A New York appeals court judge Tuesday rejected former President Donald Trump’s latest bid to delay his hush money criminal trial while he fights a gag order, clearing the way for jury selection to begin next week.

What You Need To Know

  • A New York appeals court judge has rejected the latest bid by former President Donald Trump to delay his hush money criminal trial, a week before jury selection was set to start
  • Trump’s lawyers had wanted the trial postponed indefinitely while he fights a gag order that bars him from commenting about jurors, witnesses and others connected to the hush money case
  • Justice Cynthia Kern’s ruling is another loss for Trump, who has tried repeatedly to get the trial postponed
  • The decision means the first of Trump’s four criminal trials will start as scheduled on April 15

Justice Cynthia Kern’s ruling is yet another loss for Trump, who has tried repeatedly to get the trial postponed.

Trump’s lawyers had wanted the trial delayed until a full panel of appellate court judges could hear arguments on lifting or modifying a gag order that bans him from making public statements about jurors, witnesses and others connected to the hush-money case.

The presumptive Republican nominee's lawyers argue the gag order is an unconstitutional prior restraint on Trump's free speech rights while he’s campaigning for president and fighting criminal charges.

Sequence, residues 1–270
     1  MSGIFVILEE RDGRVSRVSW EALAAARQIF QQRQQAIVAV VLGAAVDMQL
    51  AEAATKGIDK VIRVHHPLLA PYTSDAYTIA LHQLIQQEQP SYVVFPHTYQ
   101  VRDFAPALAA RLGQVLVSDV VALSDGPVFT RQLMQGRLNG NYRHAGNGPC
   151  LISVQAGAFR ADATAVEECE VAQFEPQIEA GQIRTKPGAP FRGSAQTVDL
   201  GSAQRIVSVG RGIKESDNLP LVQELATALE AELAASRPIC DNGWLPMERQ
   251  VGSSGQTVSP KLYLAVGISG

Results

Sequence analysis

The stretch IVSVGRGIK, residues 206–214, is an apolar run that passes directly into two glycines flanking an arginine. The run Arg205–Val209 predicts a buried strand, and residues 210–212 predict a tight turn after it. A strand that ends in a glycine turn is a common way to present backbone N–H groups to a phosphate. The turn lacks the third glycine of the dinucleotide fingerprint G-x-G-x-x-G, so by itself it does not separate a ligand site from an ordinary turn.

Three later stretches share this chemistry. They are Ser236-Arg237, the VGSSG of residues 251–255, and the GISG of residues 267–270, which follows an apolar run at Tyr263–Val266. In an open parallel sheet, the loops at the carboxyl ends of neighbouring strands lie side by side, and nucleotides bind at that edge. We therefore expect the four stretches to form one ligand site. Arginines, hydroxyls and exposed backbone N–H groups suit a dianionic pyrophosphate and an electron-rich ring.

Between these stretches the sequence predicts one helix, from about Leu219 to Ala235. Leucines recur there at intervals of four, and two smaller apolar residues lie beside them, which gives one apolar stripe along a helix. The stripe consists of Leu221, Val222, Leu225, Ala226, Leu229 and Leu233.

“The First Amendment harms arising from this gag order right now are irreparable,” Trump lawyer Emil Bove said at an emergency hearing Tuesday in the state’s mid-level appeals court.

Bove argued that Trump shouldn't be muzzled while critics, including his former lawyer and fixer Michael Cohen and porn actor Stormy Daniels, routinely assail him. Both are key prosecution witnesses.

Steven Wu, the appellate chief for the Manhattan district attorney’s office, said there is a “public interest in protecting the integrity of the trial.”

“This is not political debate. These are insults," Wu said of Trump's statements.

The trial judge, Juan M. Merchan, issued the gag order last month at the urging of Manhattan prosecutors, who cited Trump's “long history of making public and inflammatory remarks” about people involved in his legal cases.

Merchan expanded the gag order last week to prohibit comments about his own family after Trump lashed out on social media at his daughter, a Democratic political consultant, and made false claims about her.

It's the second of back-to-back days for Trump's lawyers in the appeals court.

On Monday, Associate Justice Lizbeth González rejected the defense's request to delay the April 15 trial while Trump seeks to move his case out of heavily Democratic Manhattan.

Trump's lawyers framed their gag order appeal as a lawsuit against Merchan. In New York, judges can be sued to challenge some decisions under a state law known as Article 78.

Trump has used the tactic before, including against the judge in his civil fraud trial in an unsuccessful last-minute bid to delay that case last fall and again when that judge imposed a gag order on him.

Trump's hush-money criminal case involves allegations that he falsified his company’s records to hide the nature of payments to Cohen, who helped him bury negative stories during his 2016 campaign. Cohen’s activities included Daniels $130,000 to suppress her claims of an extramarital sexual encounter with Trump years earlier.